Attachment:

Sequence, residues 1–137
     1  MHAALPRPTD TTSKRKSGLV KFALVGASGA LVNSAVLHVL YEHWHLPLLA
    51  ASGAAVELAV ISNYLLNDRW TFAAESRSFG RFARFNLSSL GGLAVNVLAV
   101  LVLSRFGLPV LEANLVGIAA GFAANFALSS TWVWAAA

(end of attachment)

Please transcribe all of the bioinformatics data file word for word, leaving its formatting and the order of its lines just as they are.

Sequence, residues 1–137
     1  MHAALPRPTD TTSKRKSGLV KFALVGASGA LVNSAVLHVL YEHWHLPLLA
    51  ASGAAVELAV ISNYLLNDRW TFAAESRSFG RFARFNLSSL GGLAVNVLAV
   101  LVLSRFGLPV LEANLVGIAA GFAANFALSS TWVWAAA